I Took My Friend To His First Metal Concert (MOTORHEAD & ANTHRAX) And This Is How He Reacted…
Your first heavy metal show is important – it makes an impression on what “a great show” means to you. This could probably be extended to all extreme music shows, as my early punk show experiences granted me the idea that great shows have excited fans, shout-alongs with the lead singer, mosh/circle pits, crowd surfing, and don’t make the venue too big. Granted, I’ve had some great experiences at arena-sized shows, but it’s just not the same. So when my coworker friend was interested in going to his first heavy metal show, I knew it would be important to choose wisely. Luckily enough, he did the work for me and found out that Motörhead and Anthrax were going on tour.
You’d be hard-pressed to find a better first-show lineup than that. True, some more contemporary groups would be a good idea too, but for a high-level view of what metal’s about, it’s good to start off with the old vanguard, if possible. This was especially evident with Motörhead frontman Lemmy’s recent health issues. I wouldn’t go so far to say "he won’t be around much longer," but it’ll become harder for him to tour as widely and as often as the years go by. As for Anthrax, well- nothing to argue against there. My friend had picked the opportunity to see both a NWOBHM giant and one of the Big Four of thrash metal, not bad.
How do you set expectations for someone who’s never been to a metal show, with a taste mostly geared toward 90s alternative rock, and some smatterings of post-hardcore and indie?
My friend asked me, “So does the pit get nuts at these shows?”
I replied, “Well, yea, I mean it will be more fun than violent at this one, mostly push-pits and circle-pits. You wouldn’t get beat down at this one. Other more extreme shows, maybe.”
He replied, “Oh, like a Disturbed show?”
“Well…no.” We had some learning to do. But that’s ok!
But as it turns out, my companion actually knew a little more about underground shows than I’d anticipated, having spent some time going to some local Christian hardcore and post-hardcore shows back in the day (apparently they really jock that stuff in San Diego, where he’s originally from). So the experience of an underground show with a pit wouldn't be totally alien to him.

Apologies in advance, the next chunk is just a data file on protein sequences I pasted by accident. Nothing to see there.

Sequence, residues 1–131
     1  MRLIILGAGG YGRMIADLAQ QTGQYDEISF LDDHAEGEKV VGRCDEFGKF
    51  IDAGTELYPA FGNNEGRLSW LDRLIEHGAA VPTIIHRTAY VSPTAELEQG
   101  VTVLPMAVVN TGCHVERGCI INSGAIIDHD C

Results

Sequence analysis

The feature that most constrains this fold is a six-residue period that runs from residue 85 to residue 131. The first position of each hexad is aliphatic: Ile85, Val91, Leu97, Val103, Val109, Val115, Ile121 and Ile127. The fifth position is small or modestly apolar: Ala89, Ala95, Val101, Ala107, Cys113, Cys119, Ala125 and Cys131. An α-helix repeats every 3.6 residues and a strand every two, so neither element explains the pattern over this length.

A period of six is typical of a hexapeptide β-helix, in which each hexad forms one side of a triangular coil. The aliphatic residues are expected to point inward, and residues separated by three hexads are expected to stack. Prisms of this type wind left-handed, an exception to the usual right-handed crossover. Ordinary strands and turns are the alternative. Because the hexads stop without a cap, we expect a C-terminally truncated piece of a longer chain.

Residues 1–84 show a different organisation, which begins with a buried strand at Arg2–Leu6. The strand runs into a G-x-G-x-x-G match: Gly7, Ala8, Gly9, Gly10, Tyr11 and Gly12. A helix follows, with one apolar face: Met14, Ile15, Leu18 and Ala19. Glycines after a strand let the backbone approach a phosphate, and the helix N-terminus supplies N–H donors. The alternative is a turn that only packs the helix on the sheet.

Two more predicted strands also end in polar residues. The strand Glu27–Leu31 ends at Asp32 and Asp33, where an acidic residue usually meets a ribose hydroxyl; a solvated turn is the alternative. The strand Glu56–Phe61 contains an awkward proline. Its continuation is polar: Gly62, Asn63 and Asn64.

When the day arrived, we set off after work for the Oakdale Theater in Wallingford, CT. True, we could have gone to the Jones Beach show, but since getting there is a logical nightmare (and because driving on any highway in Long Island makes me question whether life is really worth it), we opted to go the other direction. Curious as he is, my friend proceeded to inquire about basically every style of metal, it’s relation to hard rock, it’s history, why the subject matter is so dark, and whether Dani Filth really is as scary as he seems in the “Her Ghost in the Fog” video (he’s not). Though it probably indulged my worse pedantic impulses as a metal writer, it was genuinely fun to outline this sort of stuff to a 28-year old, a person with already-established tastes, unlike the more malleable mind of a teenage newcomer. After grabbing some awesome burgers at Ted’s in Meriden (yes, apparently some good things come from sad places) we arrived at the venue.
And because it has to happen at every show, we had an awkward run-in in the parking lot with a weirdo twice our age who kept talking about he and his wife’s Heart cover band, and how much money he’d won while betting on football the previous night. Not that he was scary or anything, he and his wife were actually extremely cool people, but it was kind of funny to watch. Luckily we’d reached the venue with time to spare to catch both of the main acts, leaving enough time to down a couple Ynglings with our over-excited stranger friend before going in.
This might have been the best Anthrax performance I’ve ever seen. Almost without pause the band ripped into “Madhouse,” “Caught in a Mosh,” “Got the Time” and “Antisocial.” You can’t beat that as an Anthrax fan. Well, they didn’t play “Among the Living” or “I Am the Law,” but you can only ask so much I guess. Their performance of “Fight em’ Till You Can’t,” along with their tribute to Dio and Dimebag Darrell (covering Black Sabbath’s “Neon Nights”) was excellent as well.
And then they played “Indians.” I turned to my friend, “ok let’s get closer to the stage.” As is custom, a circle pit broke out as Charlie Benante started hitting the iconic tom-lines and we jumped right in. After a few chaotic rounds I found a good spot up front. But where did my friend go? It was like waiting your turn getting on the whirly-bird at school (before they all got banned in the 90s) trying to grab him out. When I did release him he immediately had that same look on his face I had at 14, “this is insane, but it’s so awesome!”
And it was, Joey Belladona put on a rousing performance, working the crowd like a true showman, and singing within his limits but unafraid to push them when he knew he could hit the notes. Scott Ian, Frank Bello and Charlie Benante look as if they’ve barely aged a day. Jonathan Donais played as expertly as ever, though he did look a little bored at times, as if he’d rather be on stage with Shadows Fall again. I think he was the only member of Anthrax who didn’t smile the entire time, but maybe there’s some personal reason for that.